CHIPPENHAM, a market town and municipal borough in the Chippenham parliamentary division of Wiltshire, England, 94 m. W. of London by the Great Western railway. Pop. (1901) 5074. Chippenham is governed by a mayor, 4 aldermen and 12 councillors. Area, 361 acres. It lies in a hollow on the south side of the Upper Avon, here crossed by a picturesque stone bridge of 21 arches. St Andrew's church, originally Norman of the 12th century, has been enlarged in different styles. A paved causeway running for about 4 m. between Chippenham Cliff and Wick Hill is named after Maud Heath, said to have been a market-woman, who built it in the 15th century, and bequeathed an estate for its maintenance. After the decline of its woollen and silk trades, Chippenham became celebrated for grain and cheese markets. There are also manufactures of broadcloth, churns, condensed milk, railway-signals, guns and carriages; besides bacon-curing works, flour mills, tanneries and large stone quarries. Bowood, the seat of the marquess of Lansdowne, is 3½ m. S.E. of Chippenham. Lanhill barrow, or Hubba's Low, 2½ m. N.W., is an ancient tomb containing a kistvaen or sepulchral chamber of stone; it is probably British, though tradition makes it the grave of Hubba, a Danish leader.
Chippenham (Chepeham, Chippeham) was the site of a royal residence where in 853 OøΩthelwulf celebrated the marriage of his daughter OøΩthelswitha with Burhred, king of Mercia. The town also figured prominently in the Danish invasion of the 9th century, and in 933 was the meeting-place of the witan. In the Domesday Survey Chippenham appears as a crown manor and is not assessed in hides. The town was governed by a bailiff in the reign of Edward I., and returned two members to parliament from 1295, but it was not incorporated until 1553, when a charter from Mary established a bailiff and twelve burgesses and endowed the corporation with certain lands for the maintenance of two parliamentary burgesses and for the repair of the bridge over the Avon. In 1684 this charter was surrendered to Charles II., and in 1685 a new charter was received from James II., which was shortly abandoned in favour of the original grant. The Representation Act of 1868 reduced the number of parliamentary representatives to one, and the borough was disfranchised by the Redistribution Act of 1885. The derivation of Chippenham from cyppan, to buy, implies that the town possessed a market in Saxon times. When Henry VII. introduced the clothing manufacture into Wiltshire, Chippenham became an important centre of the industry, which has lapsed. A prize, however, was awarded to the town for this commodity at the Great Exhibition of 1851.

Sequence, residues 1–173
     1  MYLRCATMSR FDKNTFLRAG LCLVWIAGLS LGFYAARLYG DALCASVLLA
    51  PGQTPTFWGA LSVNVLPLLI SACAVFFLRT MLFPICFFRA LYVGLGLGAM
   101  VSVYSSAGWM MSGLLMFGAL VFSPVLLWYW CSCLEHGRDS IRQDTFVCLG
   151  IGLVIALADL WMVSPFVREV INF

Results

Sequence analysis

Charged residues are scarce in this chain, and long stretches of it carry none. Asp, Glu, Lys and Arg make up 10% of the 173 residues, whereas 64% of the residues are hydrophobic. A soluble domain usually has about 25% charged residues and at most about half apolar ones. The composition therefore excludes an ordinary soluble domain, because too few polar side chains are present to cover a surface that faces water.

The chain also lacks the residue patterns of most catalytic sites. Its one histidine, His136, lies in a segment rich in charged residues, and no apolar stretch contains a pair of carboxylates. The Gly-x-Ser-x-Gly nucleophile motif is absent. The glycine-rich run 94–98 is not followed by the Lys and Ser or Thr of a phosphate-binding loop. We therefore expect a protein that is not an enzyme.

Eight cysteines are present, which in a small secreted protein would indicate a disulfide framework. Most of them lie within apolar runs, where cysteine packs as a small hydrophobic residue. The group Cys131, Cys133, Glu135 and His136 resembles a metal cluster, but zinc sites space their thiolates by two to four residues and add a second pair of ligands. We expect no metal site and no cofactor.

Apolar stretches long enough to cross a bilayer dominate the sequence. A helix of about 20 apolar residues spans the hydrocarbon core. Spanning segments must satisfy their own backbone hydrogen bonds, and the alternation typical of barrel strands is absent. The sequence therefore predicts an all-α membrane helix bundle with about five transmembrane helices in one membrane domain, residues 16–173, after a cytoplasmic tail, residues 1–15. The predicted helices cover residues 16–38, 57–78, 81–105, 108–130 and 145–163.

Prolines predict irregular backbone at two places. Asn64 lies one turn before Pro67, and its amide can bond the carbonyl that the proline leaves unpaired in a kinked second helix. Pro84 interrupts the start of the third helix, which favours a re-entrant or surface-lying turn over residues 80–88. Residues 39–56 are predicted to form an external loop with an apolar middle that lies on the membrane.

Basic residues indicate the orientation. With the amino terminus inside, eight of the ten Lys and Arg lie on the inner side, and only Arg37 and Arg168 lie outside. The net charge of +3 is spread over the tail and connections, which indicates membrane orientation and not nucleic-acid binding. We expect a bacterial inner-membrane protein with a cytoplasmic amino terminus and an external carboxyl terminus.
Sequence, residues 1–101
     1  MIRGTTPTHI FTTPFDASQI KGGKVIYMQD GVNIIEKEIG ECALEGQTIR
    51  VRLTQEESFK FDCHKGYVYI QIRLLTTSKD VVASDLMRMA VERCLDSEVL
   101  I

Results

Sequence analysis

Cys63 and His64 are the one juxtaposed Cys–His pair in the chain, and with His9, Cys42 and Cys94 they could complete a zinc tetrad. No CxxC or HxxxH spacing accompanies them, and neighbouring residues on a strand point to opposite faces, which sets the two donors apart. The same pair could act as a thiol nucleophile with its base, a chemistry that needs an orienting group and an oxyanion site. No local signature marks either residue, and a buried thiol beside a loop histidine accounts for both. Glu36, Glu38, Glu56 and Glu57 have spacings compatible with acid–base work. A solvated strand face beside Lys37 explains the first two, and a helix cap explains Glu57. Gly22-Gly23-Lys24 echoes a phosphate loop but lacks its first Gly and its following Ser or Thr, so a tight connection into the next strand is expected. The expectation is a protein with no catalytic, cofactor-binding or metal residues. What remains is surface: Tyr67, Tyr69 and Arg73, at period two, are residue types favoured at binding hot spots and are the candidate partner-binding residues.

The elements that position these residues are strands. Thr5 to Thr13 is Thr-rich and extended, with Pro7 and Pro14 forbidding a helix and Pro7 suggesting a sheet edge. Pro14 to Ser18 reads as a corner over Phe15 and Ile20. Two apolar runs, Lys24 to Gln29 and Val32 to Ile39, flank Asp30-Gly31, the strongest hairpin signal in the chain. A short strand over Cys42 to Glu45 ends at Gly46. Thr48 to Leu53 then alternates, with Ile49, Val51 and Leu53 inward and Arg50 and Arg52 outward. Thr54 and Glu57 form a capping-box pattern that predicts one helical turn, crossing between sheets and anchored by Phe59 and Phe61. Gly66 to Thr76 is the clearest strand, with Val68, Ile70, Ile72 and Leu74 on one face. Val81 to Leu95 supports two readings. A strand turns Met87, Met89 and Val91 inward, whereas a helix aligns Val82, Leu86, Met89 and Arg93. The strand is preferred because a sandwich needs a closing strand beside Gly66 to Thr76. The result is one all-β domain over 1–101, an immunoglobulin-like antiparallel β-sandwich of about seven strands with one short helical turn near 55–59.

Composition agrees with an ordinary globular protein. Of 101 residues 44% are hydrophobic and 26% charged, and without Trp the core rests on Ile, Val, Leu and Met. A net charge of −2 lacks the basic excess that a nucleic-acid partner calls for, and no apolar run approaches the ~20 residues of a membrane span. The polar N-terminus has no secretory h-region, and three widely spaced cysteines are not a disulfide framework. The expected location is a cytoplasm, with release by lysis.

Note - this article incorporates content from Encyclopaedia Britannica, Eleventh Edition, (1910-1911)